This first week in Dakar has been a whirlwind orientation about all of Tostan's work. I thought I knew what type of work they did (abandonment of Female Genital Cutting, (FGC)), but I quickly discovered that is only one small part of it. Tostan is easily pigeonholed as having this single issue focus (because they are extraordinarily successful at it), when in reality their success in changing the cultural psychology surrounding this social norm, towards the abandonment of harmful social practices, is only one result of their commitment to ground-up community empowerment, where the communities themselves direct their evolution.
The past three days of orientation were at the Center for Capacity Building and Sustainable Development in Thiès, the national headquarters 40 miles outside of Dakar, the international headquarters where I work with the communications team. Today we drove out to a village that
completed Tostan's education program, and a second program that reinforces better parental practices. When we arrived there was a huge group of
people waiting, playing make-shift drums on an overturned stainless steel bowl and 10 gallon plastic tubs. Individually the rhythms the three drummers were playing seemed sparse and erratic, but together they swirled into the classic sabar sound.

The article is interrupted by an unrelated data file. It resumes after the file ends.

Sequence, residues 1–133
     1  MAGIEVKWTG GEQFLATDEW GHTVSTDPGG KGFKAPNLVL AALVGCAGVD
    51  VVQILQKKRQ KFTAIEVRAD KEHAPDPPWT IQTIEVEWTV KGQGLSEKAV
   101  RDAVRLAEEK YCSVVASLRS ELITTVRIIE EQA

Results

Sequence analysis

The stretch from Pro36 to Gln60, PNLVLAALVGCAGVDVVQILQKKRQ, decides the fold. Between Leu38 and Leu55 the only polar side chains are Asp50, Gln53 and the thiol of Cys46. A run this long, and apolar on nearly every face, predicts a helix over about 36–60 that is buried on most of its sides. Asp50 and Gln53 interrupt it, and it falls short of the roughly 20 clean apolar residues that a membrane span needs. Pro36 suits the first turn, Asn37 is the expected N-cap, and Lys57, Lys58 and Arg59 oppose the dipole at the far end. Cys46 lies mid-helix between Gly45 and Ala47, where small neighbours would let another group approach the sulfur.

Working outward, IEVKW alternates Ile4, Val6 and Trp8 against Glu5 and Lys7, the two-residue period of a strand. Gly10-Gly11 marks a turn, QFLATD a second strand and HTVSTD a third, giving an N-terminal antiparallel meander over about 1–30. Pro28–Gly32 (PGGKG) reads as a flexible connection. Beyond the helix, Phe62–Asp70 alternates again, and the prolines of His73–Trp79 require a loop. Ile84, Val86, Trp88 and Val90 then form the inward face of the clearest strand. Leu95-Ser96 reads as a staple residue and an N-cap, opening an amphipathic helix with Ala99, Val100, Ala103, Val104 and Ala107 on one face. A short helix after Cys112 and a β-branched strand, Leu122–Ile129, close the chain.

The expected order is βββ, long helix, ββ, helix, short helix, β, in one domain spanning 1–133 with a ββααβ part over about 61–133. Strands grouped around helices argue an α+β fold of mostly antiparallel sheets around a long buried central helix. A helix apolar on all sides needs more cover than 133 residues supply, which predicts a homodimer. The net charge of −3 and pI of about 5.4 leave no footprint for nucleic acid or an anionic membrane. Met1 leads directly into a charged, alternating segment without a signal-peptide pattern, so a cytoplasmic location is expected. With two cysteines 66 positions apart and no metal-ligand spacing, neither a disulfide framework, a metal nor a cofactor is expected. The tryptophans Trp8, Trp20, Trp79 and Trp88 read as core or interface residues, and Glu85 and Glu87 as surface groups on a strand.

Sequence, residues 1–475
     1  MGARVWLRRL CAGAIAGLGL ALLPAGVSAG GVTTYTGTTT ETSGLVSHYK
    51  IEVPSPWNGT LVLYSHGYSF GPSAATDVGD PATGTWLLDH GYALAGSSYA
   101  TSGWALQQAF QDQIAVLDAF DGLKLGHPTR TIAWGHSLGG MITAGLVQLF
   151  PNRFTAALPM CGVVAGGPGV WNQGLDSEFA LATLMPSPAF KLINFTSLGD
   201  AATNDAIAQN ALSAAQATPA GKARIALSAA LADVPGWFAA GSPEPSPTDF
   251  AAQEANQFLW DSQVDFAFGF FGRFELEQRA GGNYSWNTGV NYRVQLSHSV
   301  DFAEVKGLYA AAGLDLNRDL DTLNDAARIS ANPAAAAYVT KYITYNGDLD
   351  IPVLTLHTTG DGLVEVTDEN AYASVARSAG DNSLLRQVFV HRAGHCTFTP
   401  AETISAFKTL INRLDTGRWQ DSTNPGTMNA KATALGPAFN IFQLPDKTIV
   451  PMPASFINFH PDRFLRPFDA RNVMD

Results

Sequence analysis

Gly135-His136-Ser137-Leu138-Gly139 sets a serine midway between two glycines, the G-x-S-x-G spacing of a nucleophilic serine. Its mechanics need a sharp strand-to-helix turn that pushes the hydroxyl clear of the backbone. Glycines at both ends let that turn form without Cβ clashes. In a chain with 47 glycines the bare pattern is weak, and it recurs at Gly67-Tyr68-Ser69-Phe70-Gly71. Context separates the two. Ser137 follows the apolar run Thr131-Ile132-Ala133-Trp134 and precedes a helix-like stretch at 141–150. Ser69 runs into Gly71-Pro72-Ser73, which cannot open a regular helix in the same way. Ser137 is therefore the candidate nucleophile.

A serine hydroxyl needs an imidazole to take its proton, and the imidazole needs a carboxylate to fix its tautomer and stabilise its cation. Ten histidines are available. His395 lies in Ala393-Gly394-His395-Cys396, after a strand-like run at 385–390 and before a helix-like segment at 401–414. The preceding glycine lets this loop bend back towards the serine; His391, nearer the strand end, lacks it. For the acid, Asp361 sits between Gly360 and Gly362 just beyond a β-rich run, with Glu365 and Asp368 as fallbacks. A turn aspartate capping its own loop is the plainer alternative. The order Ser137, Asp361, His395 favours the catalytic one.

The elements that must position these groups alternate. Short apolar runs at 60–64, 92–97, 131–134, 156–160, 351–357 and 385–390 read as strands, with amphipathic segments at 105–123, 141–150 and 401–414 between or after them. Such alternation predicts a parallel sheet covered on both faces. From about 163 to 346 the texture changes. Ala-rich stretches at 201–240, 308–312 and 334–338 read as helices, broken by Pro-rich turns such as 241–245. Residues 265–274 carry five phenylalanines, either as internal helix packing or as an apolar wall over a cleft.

The gathering was organized
specifically for the four of us so that the community of Keur Thiam Sawaré could share and boast about the changes in their community
since the Tostan program, and their plans to continue self-sustaining development projects so that we,
the new volunteers could see how the programs actually function in the field. Needless to say it
was inspiring. I even got to address the gathered crowd after their
presentation around a board, with chairs assembled in the sand, entirely in wolof,
which was really just two sentences but they got a kick out of it: Man itam, am naa yaakar yi. Bëgg naa gis Keur Thiam Sawaré jël nañu seen futur bi. (I as well have a hope. I want to see Keur Thiam Sawaré take their future). I learned the word yaakar that day from one of their songs. The beauty in Tostan's model is that communities direct how they learn: song, dance, formal classroom, group discussion...the main goal is delivering information communities want to know in a way that they want to learn. Tostan's projects are not directive. Tostan reacts to goals defined by individual communities (who work in broad networks across regions) and supports access and logistics to getting information. Each community who chooses to collaborate with Tostan works with a trained facilitator and elects a group to manage community projects.